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Posts Tagged ‘Lake Basin Path’

I did a lot of ski runs this past week while in Mammoth for spring break, but my most favorite “run” was a 10-mile loop of running from the ski resort up around Lake Mary and back down to town. I started at Juniper Springs Resort next to Eagle Lodge:

Juniper Springs Lodge Path

The elevation at Juniper Springs is above 8,000 feet so I took it easy with a warmup walk up to Lake Mary Road to hook up with the Lakes Basin Path, a 5.3-mile bike and running path with over 1,000 feet in elevation gain/loss:

Lakes Basin Path

I took breaks to stop and read every interpretive nature sign along the way. I learned that this area stands at the western edge of the largest contiguous Jeffrey Pine forest in the world, and that the resin of the Jeffrey Pine smells like vanilla and butterscotch! I stood at the edge of a volcano and admired the view:

Jeffrey Pines at Mammoth

I’d planned my 10-mile route carefully using MapMyRun and Google Maps, but I hadn’t planned for this:

Lake Mary Road closure

In the winter the city plows Lake Mary Road up to the edge of Twin Lakes. The snow on the rest of the road is then groomed for cross-country skiing, snow-shoeing and walking. Undaunted, I jogged through the snow on the designated walking section of the path to the left of the groomed ski trails:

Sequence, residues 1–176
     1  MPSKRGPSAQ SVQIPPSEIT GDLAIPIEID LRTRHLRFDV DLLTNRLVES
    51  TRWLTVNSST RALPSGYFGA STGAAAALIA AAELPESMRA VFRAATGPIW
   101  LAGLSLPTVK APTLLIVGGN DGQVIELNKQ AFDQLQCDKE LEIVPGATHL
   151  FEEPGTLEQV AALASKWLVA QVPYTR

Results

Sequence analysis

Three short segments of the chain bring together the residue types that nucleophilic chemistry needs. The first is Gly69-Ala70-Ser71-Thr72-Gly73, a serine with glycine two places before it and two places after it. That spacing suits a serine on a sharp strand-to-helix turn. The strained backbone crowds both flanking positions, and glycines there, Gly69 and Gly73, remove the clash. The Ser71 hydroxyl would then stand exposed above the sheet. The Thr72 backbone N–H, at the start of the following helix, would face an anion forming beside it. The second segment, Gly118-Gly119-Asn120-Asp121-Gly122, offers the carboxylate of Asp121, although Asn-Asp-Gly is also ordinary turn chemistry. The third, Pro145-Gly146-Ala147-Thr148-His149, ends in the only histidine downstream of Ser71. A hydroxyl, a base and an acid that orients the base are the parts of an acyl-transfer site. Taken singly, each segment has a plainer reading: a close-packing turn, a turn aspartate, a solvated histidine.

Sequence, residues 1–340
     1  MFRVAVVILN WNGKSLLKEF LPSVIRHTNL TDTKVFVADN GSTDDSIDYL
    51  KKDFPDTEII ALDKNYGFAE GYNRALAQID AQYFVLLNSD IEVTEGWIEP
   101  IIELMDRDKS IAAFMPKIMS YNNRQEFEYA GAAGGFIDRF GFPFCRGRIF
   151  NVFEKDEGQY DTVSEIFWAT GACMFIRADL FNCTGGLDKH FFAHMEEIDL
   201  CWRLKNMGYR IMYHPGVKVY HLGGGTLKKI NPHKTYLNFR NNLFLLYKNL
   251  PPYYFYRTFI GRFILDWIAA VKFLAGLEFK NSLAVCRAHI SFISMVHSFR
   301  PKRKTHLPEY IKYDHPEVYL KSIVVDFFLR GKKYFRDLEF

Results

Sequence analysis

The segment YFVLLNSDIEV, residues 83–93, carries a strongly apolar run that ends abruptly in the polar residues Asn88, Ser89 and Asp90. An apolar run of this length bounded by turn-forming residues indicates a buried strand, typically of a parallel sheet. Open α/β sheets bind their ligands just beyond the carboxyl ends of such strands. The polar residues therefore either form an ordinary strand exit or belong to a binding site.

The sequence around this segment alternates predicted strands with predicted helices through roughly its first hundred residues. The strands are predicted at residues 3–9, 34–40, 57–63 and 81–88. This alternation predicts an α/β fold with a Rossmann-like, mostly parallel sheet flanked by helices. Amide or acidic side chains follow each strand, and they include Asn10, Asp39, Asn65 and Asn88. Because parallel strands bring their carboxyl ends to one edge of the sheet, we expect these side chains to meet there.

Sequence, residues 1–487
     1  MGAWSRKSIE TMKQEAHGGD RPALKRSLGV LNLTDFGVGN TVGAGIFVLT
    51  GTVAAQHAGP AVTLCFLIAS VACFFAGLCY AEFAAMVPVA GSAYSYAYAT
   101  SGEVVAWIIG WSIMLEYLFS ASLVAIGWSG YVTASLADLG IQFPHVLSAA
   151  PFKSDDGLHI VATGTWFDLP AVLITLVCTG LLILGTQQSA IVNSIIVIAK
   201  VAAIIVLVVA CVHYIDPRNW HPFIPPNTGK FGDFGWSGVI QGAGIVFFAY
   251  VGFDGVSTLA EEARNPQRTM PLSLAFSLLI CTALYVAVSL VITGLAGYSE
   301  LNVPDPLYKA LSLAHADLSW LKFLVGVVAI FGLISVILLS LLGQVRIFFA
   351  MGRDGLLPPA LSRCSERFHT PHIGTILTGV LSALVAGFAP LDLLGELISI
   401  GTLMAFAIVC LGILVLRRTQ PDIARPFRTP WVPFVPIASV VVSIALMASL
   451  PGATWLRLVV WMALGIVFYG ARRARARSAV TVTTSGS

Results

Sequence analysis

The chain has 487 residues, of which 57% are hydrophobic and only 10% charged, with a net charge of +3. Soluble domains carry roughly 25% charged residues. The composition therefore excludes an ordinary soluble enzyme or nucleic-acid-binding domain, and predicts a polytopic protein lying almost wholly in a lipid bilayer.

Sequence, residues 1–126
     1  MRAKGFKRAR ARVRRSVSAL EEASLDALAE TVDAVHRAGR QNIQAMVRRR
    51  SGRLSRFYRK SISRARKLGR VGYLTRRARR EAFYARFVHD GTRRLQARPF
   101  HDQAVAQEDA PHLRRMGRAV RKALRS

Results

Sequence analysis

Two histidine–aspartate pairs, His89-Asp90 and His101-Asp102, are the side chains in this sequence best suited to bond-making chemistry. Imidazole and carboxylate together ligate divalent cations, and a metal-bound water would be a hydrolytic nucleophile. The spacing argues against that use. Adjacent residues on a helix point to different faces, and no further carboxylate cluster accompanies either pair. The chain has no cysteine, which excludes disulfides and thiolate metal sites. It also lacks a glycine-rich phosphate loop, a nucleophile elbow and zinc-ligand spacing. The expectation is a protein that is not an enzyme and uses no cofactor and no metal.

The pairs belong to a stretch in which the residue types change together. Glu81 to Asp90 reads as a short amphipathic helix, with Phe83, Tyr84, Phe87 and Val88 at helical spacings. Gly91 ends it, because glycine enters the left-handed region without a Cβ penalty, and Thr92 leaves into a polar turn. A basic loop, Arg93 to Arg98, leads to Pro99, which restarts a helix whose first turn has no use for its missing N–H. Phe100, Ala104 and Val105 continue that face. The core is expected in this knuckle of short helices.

groomed cross country ski trails

I like to think I was only one of a handful of people who made it out to see frozen Lake Mary that day:

Lake Mary in winter

After the loop around Lake Mary on the aptly-named “Around Lake Mary Road,” I ran down the mountain on Old Mammoth Road, a snowmobile and hiking path to the historical site of old Mammoth City. At the base of Red Mountain, formerly known as Mineral Hill, sat an 1878-79 mining camp.

Mineral Hill in mammoth

A sign explained that for the 1,000 miners in the area there were no less than 22 saloons, with each “saloon” being not much more than a 10-foot square shack with a barrel of whiskey inside!

With all the historical and nature interpretive signs and the gorgeous views, I simply felt joyful for the entire run. Right up until the point that I realized I’d lost my driver’s license when it fell out of my running pack as I removed my cell phone to take a picture somewhere along those 10 miles! Doh! So, on the day we were scheduled to leave Mammoth, I drove back out to the trail and retraced my steps on the snow. Fifteen minutes later I spied my license, sunken in the melted snow at the foot of the historical sign in the mining camp!

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